Garlic is supposed to go in around May-June. 1 August was about as late as I wanted to push it. I didn’t get a chance to do any soil prep except to weed an existing garden bed.
Given the delay, I wasn’t expecting a whole lot, but in December we got a pretty great harvest, which has set us up nicely for 2020.
This season, I have planted over 200 cloves of saved garlic in varieties I know will grow here. I have had the time to properly prepare a bed. And oh boy, I’m going to grow an absolute buttload of garlic. The garlic bed is 6 metres long and 3 metres wide. That’s more than triple the size of last year, and six times the size of what I grew in Year 2.
It’s taken me a few years to build the seed stock to do it, but I want to make these varieties more well-known and available to more Kiwi gardeners. So I want to grow a lot of it.
In stores, you can only buy Printanor and Elephant Garlic. But there are so many wonderful varieties around – you’ve just gotta search high and low to find them! Even when you do find them, sometimes they sell out too fast to get your hands on. This year’s garlic sold out within hours when it was offered to members at the Koanga Institute – I don’t think it went on sale to the public at all.
I’m up to three varieties now. Last year, I introduced another hard necked variety, White Rocombole, from Koanga. They did splendidly, and I think they’d be great in containers as they’re more compact and mature a bit faster. I think it will be another year or two before I have enough to offer gardeners, but I also think the demand is outstripping current supply, so I’d like to try step in to fill that gap.
But, I did manage to get a small amount of Aja Rojo and Takahue into people’s gardens this year. And hopefully next year I’ll be able to introduce them to even more. Last weekend we prepared our bed and planted over 200 garlic cloves, alongside a dozen or so flowering shallots.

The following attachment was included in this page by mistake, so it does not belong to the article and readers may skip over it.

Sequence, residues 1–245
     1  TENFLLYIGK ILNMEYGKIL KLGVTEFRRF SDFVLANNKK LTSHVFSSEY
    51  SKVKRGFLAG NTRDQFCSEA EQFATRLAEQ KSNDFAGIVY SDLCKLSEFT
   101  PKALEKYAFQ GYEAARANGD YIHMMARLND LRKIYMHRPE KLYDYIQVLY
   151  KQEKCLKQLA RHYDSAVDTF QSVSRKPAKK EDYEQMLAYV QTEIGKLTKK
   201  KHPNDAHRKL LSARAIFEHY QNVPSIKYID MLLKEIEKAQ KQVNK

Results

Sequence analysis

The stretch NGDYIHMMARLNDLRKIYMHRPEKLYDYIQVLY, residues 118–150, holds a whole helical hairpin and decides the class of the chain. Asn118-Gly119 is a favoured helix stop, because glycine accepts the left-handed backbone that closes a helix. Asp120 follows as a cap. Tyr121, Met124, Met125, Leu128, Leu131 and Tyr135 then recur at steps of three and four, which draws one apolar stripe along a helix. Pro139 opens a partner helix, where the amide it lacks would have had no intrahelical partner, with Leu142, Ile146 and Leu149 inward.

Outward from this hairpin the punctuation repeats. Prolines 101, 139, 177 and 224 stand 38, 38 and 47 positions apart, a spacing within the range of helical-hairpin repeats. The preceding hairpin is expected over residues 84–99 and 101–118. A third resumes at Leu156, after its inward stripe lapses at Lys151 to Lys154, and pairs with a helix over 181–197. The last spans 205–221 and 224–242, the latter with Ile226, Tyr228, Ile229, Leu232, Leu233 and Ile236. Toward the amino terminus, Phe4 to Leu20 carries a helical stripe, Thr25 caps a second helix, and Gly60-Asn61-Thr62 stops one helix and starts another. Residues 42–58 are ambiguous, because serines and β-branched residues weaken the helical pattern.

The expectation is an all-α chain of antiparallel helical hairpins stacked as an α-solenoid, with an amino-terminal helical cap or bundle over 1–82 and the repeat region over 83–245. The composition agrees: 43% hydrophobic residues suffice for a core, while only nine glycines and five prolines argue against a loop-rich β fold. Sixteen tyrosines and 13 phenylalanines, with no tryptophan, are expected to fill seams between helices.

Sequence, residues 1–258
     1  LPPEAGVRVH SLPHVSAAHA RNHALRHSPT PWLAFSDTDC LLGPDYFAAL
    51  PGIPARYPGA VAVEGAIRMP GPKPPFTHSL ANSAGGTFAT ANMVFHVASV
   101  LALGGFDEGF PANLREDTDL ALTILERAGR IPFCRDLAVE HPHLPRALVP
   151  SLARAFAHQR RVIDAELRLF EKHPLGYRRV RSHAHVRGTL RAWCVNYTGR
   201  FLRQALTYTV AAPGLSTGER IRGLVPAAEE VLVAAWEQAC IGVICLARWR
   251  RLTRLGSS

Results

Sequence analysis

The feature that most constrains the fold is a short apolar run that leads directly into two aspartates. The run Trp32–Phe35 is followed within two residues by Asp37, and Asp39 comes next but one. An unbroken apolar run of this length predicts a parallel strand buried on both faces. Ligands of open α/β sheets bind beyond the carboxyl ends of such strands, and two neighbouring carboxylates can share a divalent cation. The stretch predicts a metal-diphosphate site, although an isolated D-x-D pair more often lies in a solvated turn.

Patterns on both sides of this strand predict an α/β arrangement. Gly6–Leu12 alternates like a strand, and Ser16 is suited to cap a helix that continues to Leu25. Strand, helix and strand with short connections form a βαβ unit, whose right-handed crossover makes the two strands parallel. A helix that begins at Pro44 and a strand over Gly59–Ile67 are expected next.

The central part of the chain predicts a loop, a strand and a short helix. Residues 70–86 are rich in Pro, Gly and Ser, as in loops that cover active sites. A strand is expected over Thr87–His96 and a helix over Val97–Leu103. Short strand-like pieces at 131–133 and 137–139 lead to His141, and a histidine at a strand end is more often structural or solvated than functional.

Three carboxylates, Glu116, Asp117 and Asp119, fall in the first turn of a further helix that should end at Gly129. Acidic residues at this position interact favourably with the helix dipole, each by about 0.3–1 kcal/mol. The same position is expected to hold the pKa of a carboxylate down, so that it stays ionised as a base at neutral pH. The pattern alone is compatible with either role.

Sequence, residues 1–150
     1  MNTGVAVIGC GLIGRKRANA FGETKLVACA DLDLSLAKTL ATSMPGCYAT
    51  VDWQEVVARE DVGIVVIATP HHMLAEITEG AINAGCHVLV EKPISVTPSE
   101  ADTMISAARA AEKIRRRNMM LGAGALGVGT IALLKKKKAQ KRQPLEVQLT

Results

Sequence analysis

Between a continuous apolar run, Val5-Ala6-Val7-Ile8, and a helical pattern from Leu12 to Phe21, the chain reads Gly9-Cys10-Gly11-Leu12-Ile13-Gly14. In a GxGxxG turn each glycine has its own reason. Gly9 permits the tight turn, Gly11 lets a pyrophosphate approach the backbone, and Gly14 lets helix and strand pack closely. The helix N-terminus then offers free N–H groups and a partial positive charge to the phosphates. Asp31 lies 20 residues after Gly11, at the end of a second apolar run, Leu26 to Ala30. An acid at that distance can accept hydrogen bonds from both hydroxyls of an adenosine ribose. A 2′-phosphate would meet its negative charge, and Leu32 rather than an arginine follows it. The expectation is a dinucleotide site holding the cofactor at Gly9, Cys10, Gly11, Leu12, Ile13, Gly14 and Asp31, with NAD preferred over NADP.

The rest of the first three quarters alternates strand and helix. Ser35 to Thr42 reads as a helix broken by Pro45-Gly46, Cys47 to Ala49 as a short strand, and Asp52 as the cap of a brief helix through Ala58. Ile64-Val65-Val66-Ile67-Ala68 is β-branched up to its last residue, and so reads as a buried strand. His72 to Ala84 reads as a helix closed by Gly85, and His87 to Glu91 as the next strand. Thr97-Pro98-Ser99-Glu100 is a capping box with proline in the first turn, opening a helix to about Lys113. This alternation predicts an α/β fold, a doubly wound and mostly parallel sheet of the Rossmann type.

Starting a new garden begins with killing off the grass. We block the light with a giant sheet of polythene.
This rotary hoe is a hero for breaking in new beds. Richard is hoeing in a layer of manure and lime.
Garlic was spaced into 30cm rows, with 24cm between cloves.
The bed as it is now, waiting for the garlic to pop.
It’ll be a 6 month wait until we know how Year 4 goes, but I’m already planning Year 5. I’ve been playing with refrigerating my garlic cloves for a few years to mimic winter before planting out into my not-very-cold garden. I think it makes a real and tangible difference, but I want to prove it. So I’m dusting off my Form 2 science experiment skills and designing an experiment to test my hypothesis next year.
But first, I must get through Year 4. The beds have been hoed, and we’ve incorporated organic matter and lime. Once they begin popping up, we’ll add a layer of compost, and when they are about 15cm tall, we’ll add a layer of grass mulch and keep them free of weeds.
Then, we’ll just need to wait til December to see what we pull up.
Postscript – I did a little reading after publishing this blog and found this article, which may explain my problem with Printanor. Might need to give it another go later in the year and see what happens. Either way, if you’re growing Printanor, it’s worth a read.